The U.S. military’s top-ranking officer, General Charles Q. Brown Jr., warned that the possibility of a war with China should be a cause for concern.
What Happened: In an interview with Fox News, General Brown discussed the growing apprehension of a U.S.-China war. He was responding to recent Reagan Institute polls indicating that 51% of Americans perceive China as the most significant foreign threat, and 74% are anxious about potential conflict within five years.
“Well, just think about what happened in Hong Kong. And the first thing I would say is we want to be, and we all should be, worried whether it’s going to happen or not. And part of the reason why deterrence is so important so that conflict does not occur,” Brown said.
The chairman of the Joint Chief of Staff also emphasized the readiness and strength of the U.S. military while acknowledging the seriousness of the potential conflict, particularly concerning a possible invasion of Taiwan.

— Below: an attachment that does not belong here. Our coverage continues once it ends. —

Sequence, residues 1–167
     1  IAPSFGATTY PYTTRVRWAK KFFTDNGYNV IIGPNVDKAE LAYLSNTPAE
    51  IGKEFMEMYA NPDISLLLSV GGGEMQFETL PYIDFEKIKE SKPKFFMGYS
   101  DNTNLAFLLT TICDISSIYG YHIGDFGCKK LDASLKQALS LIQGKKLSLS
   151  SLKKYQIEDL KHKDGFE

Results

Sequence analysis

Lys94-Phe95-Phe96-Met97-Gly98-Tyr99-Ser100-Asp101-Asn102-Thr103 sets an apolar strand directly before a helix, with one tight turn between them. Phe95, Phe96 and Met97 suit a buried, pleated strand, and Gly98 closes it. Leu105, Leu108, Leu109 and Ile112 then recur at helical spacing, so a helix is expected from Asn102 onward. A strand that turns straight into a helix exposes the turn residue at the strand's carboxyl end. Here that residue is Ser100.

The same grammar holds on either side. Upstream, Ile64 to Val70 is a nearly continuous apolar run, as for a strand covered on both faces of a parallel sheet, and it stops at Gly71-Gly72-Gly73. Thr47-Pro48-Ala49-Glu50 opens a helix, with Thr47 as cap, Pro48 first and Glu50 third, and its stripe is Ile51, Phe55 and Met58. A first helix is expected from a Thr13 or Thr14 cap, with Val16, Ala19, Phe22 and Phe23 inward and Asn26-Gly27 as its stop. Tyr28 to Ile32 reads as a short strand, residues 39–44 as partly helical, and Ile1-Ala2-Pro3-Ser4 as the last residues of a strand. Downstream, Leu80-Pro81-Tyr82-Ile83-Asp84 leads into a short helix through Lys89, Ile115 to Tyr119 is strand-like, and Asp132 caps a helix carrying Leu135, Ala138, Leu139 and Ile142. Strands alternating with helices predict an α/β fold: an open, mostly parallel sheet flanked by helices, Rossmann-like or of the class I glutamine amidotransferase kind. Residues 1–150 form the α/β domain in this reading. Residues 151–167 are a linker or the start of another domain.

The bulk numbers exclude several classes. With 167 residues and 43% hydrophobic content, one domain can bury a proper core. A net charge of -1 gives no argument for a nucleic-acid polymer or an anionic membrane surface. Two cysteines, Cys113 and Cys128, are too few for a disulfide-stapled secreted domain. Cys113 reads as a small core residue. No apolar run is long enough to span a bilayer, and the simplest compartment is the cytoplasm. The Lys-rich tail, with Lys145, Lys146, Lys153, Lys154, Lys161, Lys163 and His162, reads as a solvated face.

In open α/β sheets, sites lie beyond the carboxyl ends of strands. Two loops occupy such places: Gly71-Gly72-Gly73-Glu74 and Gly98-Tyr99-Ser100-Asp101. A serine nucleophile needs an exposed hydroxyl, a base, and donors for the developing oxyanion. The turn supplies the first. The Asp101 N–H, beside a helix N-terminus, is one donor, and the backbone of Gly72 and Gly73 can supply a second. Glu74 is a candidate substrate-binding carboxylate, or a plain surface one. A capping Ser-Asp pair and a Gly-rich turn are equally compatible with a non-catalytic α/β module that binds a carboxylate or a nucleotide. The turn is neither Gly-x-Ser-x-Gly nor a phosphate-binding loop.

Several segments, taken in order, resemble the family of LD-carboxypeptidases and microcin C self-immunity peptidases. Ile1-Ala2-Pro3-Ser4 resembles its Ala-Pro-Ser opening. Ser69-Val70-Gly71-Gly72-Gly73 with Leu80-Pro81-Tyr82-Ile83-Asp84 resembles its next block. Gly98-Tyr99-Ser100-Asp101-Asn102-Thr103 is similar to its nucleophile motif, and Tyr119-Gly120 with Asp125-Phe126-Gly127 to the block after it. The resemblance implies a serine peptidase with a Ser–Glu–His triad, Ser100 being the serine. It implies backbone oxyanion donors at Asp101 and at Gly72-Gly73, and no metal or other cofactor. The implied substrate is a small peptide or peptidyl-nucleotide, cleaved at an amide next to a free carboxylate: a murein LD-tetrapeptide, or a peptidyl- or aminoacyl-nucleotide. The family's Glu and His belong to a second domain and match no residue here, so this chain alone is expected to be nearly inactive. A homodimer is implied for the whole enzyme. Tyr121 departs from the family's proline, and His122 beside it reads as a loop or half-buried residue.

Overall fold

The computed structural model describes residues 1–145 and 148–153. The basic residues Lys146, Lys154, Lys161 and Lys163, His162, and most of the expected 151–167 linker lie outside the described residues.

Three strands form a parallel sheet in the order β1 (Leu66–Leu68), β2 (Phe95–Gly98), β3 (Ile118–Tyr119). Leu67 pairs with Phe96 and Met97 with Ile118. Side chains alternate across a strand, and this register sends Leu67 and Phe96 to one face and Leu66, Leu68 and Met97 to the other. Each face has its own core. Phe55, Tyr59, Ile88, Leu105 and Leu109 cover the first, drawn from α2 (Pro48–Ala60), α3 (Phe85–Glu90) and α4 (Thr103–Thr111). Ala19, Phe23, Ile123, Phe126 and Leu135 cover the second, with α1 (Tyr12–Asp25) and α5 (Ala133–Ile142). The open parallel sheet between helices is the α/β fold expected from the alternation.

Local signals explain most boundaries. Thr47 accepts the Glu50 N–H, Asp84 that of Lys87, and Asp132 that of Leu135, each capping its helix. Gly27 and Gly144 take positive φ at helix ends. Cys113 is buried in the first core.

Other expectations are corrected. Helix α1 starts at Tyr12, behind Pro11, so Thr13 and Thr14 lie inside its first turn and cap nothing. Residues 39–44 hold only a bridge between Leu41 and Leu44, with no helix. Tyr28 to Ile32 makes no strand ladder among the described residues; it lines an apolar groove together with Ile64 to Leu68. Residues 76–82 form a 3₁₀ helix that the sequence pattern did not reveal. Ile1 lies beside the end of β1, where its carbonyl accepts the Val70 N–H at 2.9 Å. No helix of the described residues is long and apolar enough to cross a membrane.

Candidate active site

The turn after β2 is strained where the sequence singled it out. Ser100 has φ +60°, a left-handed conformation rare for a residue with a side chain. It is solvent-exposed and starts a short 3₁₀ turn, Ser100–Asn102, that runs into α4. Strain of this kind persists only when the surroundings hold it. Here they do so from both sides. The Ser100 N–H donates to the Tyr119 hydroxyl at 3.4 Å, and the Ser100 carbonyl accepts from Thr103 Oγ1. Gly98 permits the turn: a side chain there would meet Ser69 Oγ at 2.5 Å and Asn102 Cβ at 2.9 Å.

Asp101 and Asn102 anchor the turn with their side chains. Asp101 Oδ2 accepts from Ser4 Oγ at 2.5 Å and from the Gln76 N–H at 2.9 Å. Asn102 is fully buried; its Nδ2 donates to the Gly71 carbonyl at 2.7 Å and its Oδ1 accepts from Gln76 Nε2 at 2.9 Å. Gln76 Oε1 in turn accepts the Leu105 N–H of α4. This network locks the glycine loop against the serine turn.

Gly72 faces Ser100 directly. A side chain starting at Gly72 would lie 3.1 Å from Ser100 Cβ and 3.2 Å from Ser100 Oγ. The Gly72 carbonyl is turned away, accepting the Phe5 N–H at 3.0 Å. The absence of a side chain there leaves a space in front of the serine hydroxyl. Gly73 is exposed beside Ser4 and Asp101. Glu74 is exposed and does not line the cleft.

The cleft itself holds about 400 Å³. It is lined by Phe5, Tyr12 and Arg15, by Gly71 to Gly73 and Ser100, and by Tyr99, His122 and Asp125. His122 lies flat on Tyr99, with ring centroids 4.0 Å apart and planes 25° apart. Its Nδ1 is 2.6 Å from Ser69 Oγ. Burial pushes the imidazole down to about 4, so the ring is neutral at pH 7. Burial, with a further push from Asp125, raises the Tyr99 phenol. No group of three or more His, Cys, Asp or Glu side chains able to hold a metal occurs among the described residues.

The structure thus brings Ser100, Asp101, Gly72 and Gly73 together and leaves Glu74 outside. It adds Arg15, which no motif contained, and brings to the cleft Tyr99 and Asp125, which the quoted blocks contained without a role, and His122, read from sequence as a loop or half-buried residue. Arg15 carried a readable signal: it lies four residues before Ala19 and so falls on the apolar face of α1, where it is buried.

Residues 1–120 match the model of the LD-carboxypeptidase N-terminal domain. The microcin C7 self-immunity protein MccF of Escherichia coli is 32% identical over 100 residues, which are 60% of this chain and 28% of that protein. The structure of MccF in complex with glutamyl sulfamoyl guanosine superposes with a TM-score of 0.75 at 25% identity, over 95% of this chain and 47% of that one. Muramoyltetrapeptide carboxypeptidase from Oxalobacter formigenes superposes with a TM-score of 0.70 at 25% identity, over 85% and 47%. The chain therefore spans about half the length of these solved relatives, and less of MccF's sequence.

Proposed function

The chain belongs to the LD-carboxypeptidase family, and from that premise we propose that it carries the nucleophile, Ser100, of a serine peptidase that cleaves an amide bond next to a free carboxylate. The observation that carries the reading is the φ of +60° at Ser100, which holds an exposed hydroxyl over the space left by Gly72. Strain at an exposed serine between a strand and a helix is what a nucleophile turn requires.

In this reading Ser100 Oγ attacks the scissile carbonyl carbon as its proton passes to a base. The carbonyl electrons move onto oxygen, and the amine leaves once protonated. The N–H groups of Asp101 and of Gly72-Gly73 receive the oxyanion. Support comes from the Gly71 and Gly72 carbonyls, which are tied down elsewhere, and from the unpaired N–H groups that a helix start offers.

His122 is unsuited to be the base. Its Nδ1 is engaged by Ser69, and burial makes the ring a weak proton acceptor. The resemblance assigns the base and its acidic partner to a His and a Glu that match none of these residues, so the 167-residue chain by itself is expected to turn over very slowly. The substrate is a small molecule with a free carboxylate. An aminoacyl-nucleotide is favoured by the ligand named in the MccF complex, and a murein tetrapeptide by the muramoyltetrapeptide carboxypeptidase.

“We’re ready for whatever comes our way,” Brown stated. “We want to be so ready that we don’t have a conflict. Our strength that we demonstrate as a military will bring that peace.”
When confronted with a poll suggesting that a majority believe China will soon surpass the U.S. both militarily and economically, Brown asserted his role is to ensure this does not happen on the military front.
Why It Matters: Brown’s statements are in line with earlier warnings by military and security officials about a possible conflict over Taiwan. Notably, Admiral Philip Davidson, the then head of U.S. forces in the Indo-Pacific, predicted in 2021 that China could take military action against Taiwan by 2027.
China, which considers Taiwan part of its territory, has been conducting increased military operations around Taiwan. Beijing also employs other tactics, such as trade barriers and disinformation campaigns, to undermine Taiwan’s de facto independence.
Meanwhile, Singapore’s Prime Minister, Lee Hsien Loong, recently expressed optimism about the possibility of de-escalating U.S.-China tensions, particularly over Taiwan.
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Image and article originally from www.benzinga.com. Read the original article here.